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These reed diffusers can be quite expensive, but I found a way to do them for just a few dollars and you get the same effect. For maximum scent, make sure the skewers stick out several inches from the top of your container.
Pour your choice of scented oil into a container until it is about 75% full. Use a glass bottle or a vase with a small neck opening. Then stick your bamboo skewers inside. I used lavendar and lemon, use whatever you like. After an hour flip skewers over to saturate the parts that stick out the top above oil level. This speeds up the process of oil soaking up from the bottom and diffussing the entire skewer.
After they have dried, decorate with little washi tape flags if you like. Within 2 hours, you will notice a light fragrance in your room. Rotate ends about once a month to refresh. Works very well!
You can get the bamboo skewers at most dollar stores or Walmart.
If the chopsticks are porous and non-coated wood ones you can place them in a jar or vase and add diffuser oil to use them the same way as a reed diffuser. A jar or vase with a smaller opening at the top would be better because it would keep the diffuser oil from evaporating as quickly.
The picture here is a simple, non-fancified example to show you and I don't have any diffuser oil on hand so used water instead. ;-)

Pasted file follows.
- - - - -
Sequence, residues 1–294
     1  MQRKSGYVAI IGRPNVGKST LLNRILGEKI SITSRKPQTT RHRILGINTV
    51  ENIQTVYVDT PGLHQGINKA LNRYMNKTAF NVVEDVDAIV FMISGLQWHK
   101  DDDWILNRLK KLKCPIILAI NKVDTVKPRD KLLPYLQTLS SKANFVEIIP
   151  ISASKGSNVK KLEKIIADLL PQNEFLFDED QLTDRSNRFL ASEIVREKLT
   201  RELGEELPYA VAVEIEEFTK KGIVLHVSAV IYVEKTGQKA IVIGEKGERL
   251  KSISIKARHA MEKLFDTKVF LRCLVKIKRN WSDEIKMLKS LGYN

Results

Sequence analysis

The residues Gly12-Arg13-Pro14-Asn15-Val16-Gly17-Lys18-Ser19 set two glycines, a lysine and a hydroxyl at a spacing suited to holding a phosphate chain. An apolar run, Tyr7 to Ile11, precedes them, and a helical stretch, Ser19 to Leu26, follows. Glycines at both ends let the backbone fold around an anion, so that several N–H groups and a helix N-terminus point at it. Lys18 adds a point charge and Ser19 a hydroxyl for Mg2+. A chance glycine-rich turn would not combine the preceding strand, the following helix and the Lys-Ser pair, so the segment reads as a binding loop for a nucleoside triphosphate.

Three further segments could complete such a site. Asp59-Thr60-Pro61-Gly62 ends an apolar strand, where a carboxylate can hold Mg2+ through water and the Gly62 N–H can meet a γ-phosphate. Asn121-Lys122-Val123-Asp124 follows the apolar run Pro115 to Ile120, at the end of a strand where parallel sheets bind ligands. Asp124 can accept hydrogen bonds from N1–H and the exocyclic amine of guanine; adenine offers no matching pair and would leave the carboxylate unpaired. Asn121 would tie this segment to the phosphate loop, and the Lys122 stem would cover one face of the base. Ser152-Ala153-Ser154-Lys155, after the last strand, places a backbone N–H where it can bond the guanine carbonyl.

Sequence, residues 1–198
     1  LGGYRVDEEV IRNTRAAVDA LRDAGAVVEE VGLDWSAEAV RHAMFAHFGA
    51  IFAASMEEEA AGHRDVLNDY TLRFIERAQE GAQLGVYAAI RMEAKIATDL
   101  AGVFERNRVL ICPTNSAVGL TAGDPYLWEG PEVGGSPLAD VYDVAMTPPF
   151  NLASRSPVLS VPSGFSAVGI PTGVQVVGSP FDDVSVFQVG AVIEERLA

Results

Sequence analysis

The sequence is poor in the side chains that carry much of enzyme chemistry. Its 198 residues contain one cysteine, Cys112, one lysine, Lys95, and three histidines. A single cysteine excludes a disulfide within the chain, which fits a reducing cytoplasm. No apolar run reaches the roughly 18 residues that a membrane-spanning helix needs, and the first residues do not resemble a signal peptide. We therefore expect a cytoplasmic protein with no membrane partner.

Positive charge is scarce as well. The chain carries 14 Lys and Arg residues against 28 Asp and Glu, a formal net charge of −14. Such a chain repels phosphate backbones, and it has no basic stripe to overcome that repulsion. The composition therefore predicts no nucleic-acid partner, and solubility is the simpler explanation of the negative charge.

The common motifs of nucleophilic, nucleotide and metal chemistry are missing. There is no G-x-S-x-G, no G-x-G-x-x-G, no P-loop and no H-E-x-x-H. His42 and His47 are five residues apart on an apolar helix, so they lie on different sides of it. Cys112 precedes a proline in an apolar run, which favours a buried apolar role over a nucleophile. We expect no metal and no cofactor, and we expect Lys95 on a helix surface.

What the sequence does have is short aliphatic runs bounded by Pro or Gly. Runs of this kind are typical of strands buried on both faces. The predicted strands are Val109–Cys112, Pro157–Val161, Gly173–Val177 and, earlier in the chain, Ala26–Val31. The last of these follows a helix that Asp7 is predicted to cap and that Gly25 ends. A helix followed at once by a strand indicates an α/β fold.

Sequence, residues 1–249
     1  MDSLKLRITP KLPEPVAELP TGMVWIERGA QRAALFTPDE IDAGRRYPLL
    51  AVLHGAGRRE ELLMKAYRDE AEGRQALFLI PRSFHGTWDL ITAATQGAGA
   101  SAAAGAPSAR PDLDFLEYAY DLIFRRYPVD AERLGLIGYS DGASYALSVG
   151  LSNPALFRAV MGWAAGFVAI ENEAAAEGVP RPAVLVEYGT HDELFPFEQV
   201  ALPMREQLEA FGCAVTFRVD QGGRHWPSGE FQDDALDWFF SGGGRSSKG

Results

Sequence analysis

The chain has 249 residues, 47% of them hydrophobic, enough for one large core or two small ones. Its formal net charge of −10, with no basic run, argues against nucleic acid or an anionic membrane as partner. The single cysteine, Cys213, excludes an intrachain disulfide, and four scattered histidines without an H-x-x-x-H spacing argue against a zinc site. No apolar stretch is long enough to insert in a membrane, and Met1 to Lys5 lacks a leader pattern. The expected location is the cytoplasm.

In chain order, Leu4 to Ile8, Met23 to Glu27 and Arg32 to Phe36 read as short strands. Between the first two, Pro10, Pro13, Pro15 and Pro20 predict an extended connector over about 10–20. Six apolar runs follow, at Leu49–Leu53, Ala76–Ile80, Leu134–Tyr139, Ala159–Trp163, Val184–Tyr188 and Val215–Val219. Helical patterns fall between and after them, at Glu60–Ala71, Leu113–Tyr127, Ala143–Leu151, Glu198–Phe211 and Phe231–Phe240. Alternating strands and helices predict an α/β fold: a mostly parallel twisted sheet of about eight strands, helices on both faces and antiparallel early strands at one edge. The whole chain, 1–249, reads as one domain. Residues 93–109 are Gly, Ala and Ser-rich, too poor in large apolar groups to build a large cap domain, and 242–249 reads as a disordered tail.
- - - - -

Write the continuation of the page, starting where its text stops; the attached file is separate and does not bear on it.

By Deeli from Richland, WA
Tthat's a really bright idea! Saves from $10 & up in costs. I have a couple of them so know that's what they can cost.
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Does anyone know what kind of oil is used in the reed diffuser bottles? I've found sets, but would like to refill the bottles with the bamboo reeds already in them. My oil ran out. Can I use Potpourri oil, or something similar? Thanks.
Kim from Crawford, CO
Haven't done it myself but I am pretty sure you can use any diffuser, potpourri or permune oil ...
You could also make creative sets of your own with narrow vases, small glass juice bottles, etc using bamboo cooking skewers that are really inexpensive and found in almost all grocery stores in two different lengths :-)
Diffuser oils are sold cheaply at San Fransico Herb & Spice Co (in fact, all of their products are wonderful). They sell everything you need to make diffusers. Their oils are top quality, & will state what they consist of.
Willow or rattan reeds, purchased at your local craft store
A small vase or jar with a narrow opening
A light vegetable-based oil such as safflower or sunflower
Glass beads, optional
Fill the vase about halfway with the vegetable oil, and add 15-20 drops of your favorite essential oil. Add a teaspoon of inexpensive vodka. The high-proof alcohol content in the vodka will help emulsify the oil and water together, and will help with rapid evaporation. Rubbing alcohol is not a good choice because the alcohol content is not high enough for this purpose. Shake gently to mix. Stand the reeds in the vase.
You can adjust the amount of essential oil to your liking, but remember a small amount usually goes a long way. If you use a clear vase, you can add small glass beads for a bit of color. Remember to flip the reeds occasionally to recharge the scent.